Posted by Mayowa Okekale, Abuja | 5 June 2017 | 1,671 times
President of the Senate, Bukola Saraki, has declared that contrary to the interpretations in the media of a recommendation by the Senate Committee on Works, the proposed National Road Fund Bill would not lead to any increase in the current price of fuel.
He said the report of the Senate Committee which worked on the National Road Funds Bill came from deliberations during a public hearing in which all stakeholders made different suggestions on how to generate funds for maintenance of the nation’s road network but that there was a consensus on the desirability of the Fund and the need to ensure that the money to be generated from sale of fuel for the fund should be accommodated within the current price regime.
Speaking with reporters in Ilorin on Saturday after the breaking of fast, Saraki stated that “This is an opportunity to clarify the inaccurate reporting. There is a Bill called the National Road Funds Bill. Our roads around the country are not adequately funded. If we are banking on the appropriations process, we will not be able to adequately fund and refurbish our roads.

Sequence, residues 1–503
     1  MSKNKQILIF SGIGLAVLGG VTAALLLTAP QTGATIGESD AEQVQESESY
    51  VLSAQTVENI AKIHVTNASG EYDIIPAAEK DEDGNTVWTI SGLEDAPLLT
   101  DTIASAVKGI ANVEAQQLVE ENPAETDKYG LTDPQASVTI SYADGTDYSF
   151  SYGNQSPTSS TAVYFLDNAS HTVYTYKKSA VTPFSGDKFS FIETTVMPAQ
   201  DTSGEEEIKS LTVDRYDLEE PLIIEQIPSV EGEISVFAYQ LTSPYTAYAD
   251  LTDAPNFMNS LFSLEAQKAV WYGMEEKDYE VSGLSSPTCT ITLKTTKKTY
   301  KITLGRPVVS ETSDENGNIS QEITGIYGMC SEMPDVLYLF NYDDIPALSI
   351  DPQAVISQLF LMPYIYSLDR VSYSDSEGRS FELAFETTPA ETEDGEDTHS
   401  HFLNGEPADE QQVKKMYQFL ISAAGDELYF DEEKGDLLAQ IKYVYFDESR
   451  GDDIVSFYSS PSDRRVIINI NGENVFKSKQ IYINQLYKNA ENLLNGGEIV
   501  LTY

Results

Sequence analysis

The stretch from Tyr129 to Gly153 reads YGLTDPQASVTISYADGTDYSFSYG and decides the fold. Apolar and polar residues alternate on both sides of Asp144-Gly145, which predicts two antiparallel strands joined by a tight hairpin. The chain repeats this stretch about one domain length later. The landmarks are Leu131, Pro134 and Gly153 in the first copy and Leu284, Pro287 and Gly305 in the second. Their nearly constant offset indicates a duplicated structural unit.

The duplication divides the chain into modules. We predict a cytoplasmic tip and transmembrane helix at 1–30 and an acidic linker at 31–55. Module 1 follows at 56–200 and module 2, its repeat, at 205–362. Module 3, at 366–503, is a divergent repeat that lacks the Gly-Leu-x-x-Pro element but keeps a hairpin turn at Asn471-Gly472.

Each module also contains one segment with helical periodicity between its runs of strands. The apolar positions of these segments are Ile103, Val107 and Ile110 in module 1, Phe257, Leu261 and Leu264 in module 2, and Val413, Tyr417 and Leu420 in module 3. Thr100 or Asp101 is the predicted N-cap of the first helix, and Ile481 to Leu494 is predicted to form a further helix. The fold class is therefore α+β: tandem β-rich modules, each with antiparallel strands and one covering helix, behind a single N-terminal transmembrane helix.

“Anybody that read the full report would have known that after the public hearing, which involved stakeholders from the road and transport industry, it was recommended that N5.00 (five naira) from each litre of petrol should be channeled towards our roads. However, this is not going to be additional five naira, but five naira out of the present price of N145 that Nigerians are currently paying at the pump,” the Senate President said.
He further said: “The recommendations came from the engagement with stakeholders at the public hearing on the bill. One of the conditions attached to the new charges by all stakeholders was that this five naira should not be an increase, but come from what is already existing. It is believed that the existing charges in the present price regime would be reduced to accommodate the five naira Road Fund bill.
“Nigerians should be reassured that although we have not even debated these recommendations, the committee’s report came with a clear proviso that the five naira should come from a restructuring of the existing template, which is reshuffling the taxes in the current N145 – so that five naira out of this will always be pushed to develop existing roads and build new ones.”
Saraki also promised that the Senate would, this week, discuss a motion on the interest rates being charged by commercial banks on loans to customers, particularly entrepreneurs who need borrowed funds to stay afloat and contribute to the Gross Domestic Product (GDP).
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